Audacious and achievable: Progress towards our goals.
We got a batch of data out from the system recently, with more than half a million transcriptions of questions and answers.One of the automatically recorded pieces of data when you transcribe is the time and date.
Here is the raw data. We had a great opening week, and then in late 2015 we had some website problems. You can see how that affected our numbers, probably along with it being the holidays. What are the two huge jumps in January and February? Those are the days immediately following our interviews on TV One and TV Three. If we were on TV every night think how quickly we’d be done. Many hands do make light work!
As you can see from this graph there are some day-to-day fluctuations that make it harder to pick out the trend. It looks like the fluctuations are weekly, reflecting when people have more or less time (or faster internet at work?).
There are some formal statistical tests for the “periodicity” of data, but for simplicity lets just look at the average over a week. We take the rolling average which allows us to get away from worrying about the audience for our project which is in multiple timezones. In effect our weekends are nearly three days because the New Zealand weekend starts when it’s still Friday in the United States (we know our community comes largely from the UK, US, and New Zealand).
Here’s what that looks like. We got a bit of a bump from the news coverage early in the year, and then things drifted down.
Lets focus then on the more normal part of the year to see what’s happening over time. We got a bit of a bump from some presentations and publicity in April/May 2016, and things slowed down a bit after that. We’re really gratified to see that since our presentations in Wellington in July 2016 there’s been a sustained growth over the last couple of months.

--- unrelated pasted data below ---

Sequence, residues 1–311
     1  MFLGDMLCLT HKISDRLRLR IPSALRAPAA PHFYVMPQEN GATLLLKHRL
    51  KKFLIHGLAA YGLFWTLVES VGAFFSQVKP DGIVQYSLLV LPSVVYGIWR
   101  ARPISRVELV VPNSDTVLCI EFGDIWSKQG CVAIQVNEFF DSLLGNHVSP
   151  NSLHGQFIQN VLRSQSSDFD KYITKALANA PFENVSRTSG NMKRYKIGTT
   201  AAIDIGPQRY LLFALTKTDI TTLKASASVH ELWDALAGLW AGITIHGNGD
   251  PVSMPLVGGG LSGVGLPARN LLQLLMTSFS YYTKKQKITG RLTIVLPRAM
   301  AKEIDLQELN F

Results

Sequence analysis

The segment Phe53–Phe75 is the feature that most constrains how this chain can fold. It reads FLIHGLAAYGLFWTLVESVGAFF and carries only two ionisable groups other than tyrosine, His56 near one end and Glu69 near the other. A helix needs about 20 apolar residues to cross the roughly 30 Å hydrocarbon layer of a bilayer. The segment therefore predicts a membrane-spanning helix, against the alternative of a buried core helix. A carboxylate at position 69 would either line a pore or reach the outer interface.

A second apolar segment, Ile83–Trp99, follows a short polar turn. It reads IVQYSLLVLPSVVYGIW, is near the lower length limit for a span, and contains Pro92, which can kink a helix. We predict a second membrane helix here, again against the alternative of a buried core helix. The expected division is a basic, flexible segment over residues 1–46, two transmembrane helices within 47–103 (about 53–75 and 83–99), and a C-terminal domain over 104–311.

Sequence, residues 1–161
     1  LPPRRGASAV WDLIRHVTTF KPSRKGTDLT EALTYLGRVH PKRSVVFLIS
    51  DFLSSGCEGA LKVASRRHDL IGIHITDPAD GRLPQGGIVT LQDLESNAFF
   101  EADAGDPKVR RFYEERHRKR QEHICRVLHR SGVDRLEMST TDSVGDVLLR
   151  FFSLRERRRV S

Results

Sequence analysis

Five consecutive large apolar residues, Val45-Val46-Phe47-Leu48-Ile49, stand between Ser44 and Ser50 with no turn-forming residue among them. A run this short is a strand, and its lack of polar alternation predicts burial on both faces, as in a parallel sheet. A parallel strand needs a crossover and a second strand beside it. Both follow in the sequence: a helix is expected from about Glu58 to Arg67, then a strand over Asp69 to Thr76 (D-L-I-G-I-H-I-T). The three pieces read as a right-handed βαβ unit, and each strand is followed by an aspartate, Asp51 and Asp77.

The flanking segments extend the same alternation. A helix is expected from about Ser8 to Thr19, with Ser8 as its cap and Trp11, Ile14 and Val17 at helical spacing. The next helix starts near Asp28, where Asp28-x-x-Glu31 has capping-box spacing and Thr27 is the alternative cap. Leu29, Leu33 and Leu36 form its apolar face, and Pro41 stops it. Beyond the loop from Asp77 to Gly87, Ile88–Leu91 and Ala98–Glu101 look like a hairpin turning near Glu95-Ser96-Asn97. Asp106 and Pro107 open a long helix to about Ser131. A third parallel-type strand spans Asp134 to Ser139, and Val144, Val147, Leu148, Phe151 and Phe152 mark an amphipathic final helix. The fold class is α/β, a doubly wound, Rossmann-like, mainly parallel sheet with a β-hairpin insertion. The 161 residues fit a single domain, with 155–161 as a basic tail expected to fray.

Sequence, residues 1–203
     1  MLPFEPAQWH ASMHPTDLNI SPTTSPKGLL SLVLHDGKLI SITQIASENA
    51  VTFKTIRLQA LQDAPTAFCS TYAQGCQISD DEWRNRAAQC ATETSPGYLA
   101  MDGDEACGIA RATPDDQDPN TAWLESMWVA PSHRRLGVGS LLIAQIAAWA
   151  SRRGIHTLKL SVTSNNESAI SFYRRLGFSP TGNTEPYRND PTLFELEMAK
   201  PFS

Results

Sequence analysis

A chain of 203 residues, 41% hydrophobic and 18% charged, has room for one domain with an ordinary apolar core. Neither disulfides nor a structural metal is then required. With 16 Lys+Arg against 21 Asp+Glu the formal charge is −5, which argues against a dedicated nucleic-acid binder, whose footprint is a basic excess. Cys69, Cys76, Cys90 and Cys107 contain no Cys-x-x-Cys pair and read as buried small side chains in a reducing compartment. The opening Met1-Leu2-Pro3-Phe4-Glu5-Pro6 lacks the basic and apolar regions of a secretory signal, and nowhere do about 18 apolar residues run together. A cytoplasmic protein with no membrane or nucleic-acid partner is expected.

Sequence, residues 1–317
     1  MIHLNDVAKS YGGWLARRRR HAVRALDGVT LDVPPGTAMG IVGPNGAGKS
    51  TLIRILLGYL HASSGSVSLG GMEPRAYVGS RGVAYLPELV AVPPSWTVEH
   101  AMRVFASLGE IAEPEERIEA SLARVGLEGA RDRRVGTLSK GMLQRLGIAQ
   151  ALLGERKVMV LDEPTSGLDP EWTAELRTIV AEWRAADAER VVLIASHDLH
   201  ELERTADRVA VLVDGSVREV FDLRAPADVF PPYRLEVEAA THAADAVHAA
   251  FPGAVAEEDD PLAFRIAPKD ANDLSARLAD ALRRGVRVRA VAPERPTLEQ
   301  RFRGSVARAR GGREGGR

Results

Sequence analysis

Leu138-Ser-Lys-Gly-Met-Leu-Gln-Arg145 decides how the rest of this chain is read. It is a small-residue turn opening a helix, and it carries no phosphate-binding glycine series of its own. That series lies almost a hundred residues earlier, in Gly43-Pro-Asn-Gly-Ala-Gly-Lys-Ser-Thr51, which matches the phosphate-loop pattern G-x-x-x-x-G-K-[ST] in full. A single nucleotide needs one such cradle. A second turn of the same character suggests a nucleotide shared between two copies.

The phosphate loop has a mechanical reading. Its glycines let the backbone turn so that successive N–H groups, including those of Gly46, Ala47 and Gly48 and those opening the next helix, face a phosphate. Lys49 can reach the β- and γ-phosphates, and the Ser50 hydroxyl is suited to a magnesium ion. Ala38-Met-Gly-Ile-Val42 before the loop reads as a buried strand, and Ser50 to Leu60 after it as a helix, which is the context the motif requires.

Is this enough to build a memorial and research database by the end of the centenary of World War I? Not yet! Every day we’re now completing the equivalent of about 2-3 files, depending on how many lines there are on the statement of services and History Sheets. By completing we mean that every field has been done three times.
How does this compare to other Zooniverse projects? Very well indeed. We’re not as popular as Galaxy Zoo or Snapshot Serengeti in classifications per day, but we’re around where Penguin Watch is, which is great. But our challenge is that each image (a page in a file) contains so much information. On each image we’re trying to get 5-30 pieces of information, whereas other projects have a smaller number of tasks per image. It’s just the nature of the material. So we need to keep going, and we need you, our force of transcribers to help us recruit more people. If you think there’s an analogy to the war and getting men to the front, you’re right. We need volunteers (and we need conscripts).
The goal is both audacious and achievable. Audacious because a complete transcription of the main pages of 140,541 files is a big task. Achievable because there are more than 3 million adults in New Zealand. If every high school student and their family adopted two soldiers and marked and transcribed their file we’d be done. If every one with an ancestor who served marked and transcribed one file we’d be done. Help us do that. Reach out now to people you know and share the goal with them. Thank you for a great foundational year, let’s keep going further and faster!